If you’re looking to invest in properties, you probably want to keep your costs as low as possible. After all, saving on costs early on means more money in your pocket when it comes time to sell. Buying a run-down home is perfect for investors who will fix and flip. Why spend more money on a home you’re going to rip apart anyway?
Finding run down or distressed homes saves you money and gives you an open book of possibilities when renovating the home to meet the area’s buyer demand. The key is to know which ones are ripe for investment, and which ones will end up being unsellable money pits. This is what you can expect:
What Is A Run-Down Home?
Typically, run-down homes are pre-foreclosure or foreclosure homes. In most cases, the homeowners couldn’t keep up with their financials and they stopped paying their mortgage. The bank eventually started pre-foreclosure or foreclosure proceedings, making the home available to potential buyers at a discount. These properties can represent some of the best deals available in real estate, but this comes with one big caveat.
Run-down homes usually are in poor condition, especially if the owners made it all the way to the foreclosure process. If homeowners can’t keep up with their mortgage payment, they most likely didn’t pay for home maintenance and repairs either.
There isn’t a concrete definition of a run-down home, though, so you’ll run into a variety of issues when buying distressed properties. Assess each situation individually and remember to rely on a property appraiser for a professional opinion.
How do you find the perfect run-down home for your investment needs? Try the steps listed below:
1. Look at tax records: Tax records are available to the public for free. You can check most counties ‘ tax records online today. If you find homes with unpaid taxes, chances are they are experiencing financial trouble and may be on the verge of foreclosure – a golden opportunity if everything comes together. Put the home on your radar and do other research to see if that’s the case.
2. Check MLS listings: You’d be surprised to see how many run-down homes are listed on the MLS. If you don’t know the wording to look for, though, you may run right past it or find yourself unpleasantly surprised if you weren’t in the market for a distressed property.
The most common words to look for in the listing include:
- Must sell fast
- Sold as-is
- Below market value
- Under appraised value
3. Look through bank-owned property listings: If a bank can’t sell a foreclosed home at the auction, it becomes bank-owned. This isn’t something the bank wants. They would rather get the home off their inventory fast because they aren’t in the business of selling homes.
If you come across bank-owned homes listings, you may be able to negotiate with the bank and score a great deal on a home. The less work the bank has to do to sell the home, the happier they are, so you could be doing them a favor.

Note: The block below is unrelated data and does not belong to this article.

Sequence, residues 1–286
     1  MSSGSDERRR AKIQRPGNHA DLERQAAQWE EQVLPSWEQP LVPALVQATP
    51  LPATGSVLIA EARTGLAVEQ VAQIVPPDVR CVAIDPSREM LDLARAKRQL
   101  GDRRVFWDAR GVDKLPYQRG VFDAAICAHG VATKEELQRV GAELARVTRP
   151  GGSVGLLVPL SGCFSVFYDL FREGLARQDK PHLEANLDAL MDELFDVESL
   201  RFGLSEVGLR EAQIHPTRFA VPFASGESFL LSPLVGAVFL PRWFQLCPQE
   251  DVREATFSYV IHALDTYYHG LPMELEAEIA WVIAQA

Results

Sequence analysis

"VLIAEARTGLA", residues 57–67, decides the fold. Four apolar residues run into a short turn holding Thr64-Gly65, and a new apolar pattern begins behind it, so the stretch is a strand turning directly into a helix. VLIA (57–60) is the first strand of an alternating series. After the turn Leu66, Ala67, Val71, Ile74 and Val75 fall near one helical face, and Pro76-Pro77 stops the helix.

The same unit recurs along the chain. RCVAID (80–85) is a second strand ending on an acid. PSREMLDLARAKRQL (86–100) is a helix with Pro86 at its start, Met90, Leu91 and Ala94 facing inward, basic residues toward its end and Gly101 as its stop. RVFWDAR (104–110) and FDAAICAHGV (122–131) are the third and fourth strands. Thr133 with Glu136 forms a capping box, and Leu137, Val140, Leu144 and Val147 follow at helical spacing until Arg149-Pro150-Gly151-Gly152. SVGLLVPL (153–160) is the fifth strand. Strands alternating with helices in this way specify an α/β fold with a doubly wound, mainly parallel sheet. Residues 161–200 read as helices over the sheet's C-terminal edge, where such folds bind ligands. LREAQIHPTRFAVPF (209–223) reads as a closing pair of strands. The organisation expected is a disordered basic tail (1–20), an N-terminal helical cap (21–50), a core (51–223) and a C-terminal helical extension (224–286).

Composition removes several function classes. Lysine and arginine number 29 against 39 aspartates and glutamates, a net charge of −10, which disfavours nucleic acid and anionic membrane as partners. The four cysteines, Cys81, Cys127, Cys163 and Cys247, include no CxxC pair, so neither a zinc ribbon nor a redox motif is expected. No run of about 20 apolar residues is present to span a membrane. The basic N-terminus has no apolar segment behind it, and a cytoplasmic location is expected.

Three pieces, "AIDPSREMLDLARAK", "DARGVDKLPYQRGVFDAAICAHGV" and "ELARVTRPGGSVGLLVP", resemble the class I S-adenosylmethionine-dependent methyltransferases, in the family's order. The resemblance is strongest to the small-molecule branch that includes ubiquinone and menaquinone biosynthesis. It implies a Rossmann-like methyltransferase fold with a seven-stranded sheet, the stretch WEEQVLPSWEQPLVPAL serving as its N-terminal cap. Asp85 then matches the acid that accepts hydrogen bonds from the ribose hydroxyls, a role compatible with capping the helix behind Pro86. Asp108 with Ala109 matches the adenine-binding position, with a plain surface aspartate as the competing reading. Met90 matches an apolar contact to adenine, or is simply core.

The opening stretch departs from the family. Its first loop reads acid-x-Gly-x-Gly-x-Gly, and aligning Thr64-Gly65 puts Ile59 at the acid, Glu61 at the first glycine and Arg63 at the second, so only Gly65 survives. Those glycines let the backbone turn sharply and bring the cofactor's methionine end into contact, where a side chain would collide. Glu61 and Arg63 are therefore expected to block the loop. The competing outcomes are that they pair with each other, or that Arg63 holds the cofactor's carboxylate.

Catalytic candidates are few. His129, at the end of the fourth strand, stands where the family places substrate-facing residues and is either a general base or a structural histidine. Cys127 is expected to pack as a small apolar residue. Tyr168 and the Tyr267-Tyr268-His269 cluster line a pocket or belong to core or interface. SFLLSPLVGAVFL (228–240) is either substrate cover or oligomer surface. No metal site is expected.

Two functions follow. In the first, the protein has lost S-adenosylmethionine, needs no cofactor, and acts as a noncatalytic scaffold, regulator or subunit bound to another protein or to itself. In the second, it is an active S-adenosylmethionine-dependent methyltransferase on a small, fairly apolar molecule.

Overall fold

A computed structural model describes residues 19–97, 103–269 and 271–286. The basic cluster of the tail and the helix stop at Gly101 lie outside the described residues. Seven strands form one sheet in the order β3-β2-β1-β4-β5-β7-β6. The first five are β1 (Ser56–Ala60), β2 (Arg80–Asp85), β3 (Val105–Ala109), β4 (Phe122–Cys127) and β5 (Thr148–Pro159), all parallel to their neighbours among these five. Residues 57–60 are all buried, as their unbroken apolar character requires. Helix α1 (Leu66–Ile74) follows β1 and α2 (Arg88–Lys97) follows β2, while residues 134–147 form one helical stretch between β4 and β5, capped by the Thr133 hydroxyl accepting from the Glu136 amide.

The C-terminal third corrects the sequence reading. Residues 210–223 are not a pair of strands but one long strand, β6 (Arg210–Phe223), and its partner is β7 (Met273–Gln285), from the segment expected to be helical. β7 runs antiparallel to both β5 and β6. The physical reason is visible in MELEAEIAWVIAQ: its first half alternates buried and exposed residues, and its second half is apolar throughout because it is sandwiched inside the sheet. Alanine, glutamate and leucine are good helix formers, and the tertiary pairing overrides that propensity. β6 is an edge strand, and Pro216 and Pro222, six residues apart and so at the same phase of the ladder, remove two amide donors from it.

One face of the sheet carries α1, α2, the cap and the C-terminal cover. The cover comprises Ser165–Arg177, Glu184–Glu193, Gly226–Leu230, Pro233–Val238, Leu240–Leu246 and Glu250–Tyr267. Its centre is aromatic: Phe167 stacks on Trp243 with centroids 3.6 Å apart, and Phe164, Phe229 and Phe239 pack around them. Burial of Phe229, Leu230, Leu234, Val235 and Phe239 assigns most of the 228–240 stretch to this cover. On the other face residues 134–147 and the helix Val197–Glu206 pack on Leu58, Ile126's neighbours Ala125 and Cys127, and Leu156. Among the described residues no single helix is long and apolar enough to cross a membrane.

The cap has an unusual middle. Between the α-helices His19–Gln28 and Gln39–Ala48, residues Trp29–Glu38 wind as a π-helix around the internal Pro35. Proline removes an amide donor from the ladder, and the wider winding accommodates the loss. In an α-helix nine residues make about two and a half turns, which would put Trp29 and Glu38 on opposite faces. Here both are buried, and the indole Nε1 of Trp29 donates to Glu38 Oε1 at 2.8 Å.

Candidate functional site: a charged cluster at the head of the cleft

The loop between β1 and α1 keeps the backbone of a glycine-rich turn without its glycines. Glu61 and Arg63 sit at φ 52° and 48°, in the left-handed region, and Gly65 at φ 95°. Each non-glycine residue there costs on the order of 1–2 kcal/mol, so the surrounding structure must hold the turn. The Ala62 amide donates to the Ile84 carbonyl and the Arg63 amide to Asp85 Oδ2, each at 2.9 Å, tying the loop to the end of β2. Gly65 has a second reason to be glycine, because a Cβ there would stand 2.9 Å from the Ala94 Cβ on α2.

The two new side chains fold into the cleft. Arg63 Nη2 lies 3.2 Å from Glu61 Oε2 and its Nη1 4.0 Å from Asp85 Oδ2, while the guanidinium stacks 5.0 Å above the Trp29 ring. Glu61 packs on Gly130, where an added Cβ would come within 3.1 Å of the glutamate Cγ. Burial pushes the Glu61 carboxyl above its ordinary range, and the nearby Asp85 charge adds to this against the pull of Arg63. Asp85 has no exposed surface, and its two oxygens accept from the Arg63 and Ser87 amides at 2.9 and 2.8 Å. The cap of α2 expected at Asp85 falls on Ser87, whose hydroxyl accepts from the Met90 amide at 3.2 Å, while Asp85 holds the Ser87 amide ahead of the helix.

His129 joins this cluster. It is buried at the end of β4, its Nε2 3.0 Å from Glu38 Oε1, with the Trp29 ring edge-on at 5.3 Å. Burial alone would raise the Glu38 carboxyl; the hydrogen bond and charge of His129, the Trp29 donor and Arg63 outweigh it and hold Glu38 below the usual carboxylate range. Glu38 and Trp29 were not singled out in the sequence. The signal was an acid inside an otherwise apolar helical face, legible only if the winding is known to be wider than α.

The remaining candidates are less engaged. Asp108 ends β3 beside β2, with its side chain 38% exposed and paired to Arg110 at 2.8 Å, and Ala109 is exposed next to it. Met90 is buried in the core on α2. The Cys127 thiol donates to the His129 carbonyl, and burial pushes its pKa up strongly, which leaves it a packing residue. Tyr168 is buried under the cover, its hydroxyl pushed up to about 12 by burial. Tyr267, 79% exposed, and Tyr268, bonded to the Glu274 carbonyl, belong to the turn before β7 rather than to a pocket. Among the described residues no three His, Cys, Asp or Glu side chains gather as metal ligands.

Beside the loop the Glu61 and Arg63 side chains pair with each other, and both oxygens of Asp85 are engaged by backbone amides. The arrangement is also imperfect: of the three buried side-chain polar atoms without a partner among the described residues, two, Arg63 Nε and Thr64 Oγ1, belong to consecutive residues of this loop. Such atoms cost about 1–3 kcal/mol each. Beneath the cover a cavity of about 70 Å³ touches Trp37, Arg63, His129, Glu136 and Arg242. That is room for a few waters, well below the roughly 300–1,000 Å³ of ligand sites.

4. Drive around: This may sound too easy, but it’s one of the best ways to find run-down homes. Usually, when homes are run down, they are also abandoned and are easy to spot even from a distance.
Look for the telltale signs of overgrown grass and landscaping, lack of repairs on the home’s exterior, and just an empty feeling to the home. Once you know the address, you can do some quick sleuthing to find out who owns it and/or is selling it.
5. Check out home auctions: Get on a list of upcoming property auctions and find out which homes interest you. Most banks don’t let bidders walk through the home, but you can get other information about the home just by having the address.
At the very least, drive past the home and see what you can gather about it. Then look up any records, including the tax records to see past owners, and any other information posted online about the property. You may even find it listed in the MLS from a previous attempt at selling it.
6. Work with a local realtor: Partnering with a professional real estate agent in the area who specializes in run-down homes will get you a lot further a lot faster.
Real estate agents have inside information and access to MLS listings a lot faster than you could find on your own. Plus, with a real estate agent’s networking, you may find other professionals who point you in the right direction to buy the perfect investment property.
7. Look for homes for sale by owner: Oftentimes for sale by owner homes are run down or owners in need of a quick sale. They often don’t want the expense of using a real estate agent because the profits in the home (if any) are so small.
You can tell by looking at homes for sale by owner if they’re run down or not just by driving past them. An immaculate looking home may just be an owner who doesn’t want to deal with a real estate agent, but a run-down home will have the telltale signs of needing a fast (and possibly cash) sale.
Take Your Time Looking For Run Down Homes
Don’t rush the process when looking for run-down homes. If you buy the home via an auction or as a fast sale from an owner, you may not have much time to look inside the home and make a decision.
Do as much research as you can on the home so you know what you’re getting into. If you’re going to fix and flip the home, you may not care what’s wrong with it, but what if there are major (aka expensive) renovations such as a cracked foundation or termite damage?
Take your time, do your due diligence, and make your decision carefully so you walk out of the transaction with the intended profits, and the potential to grow your investment portfolio.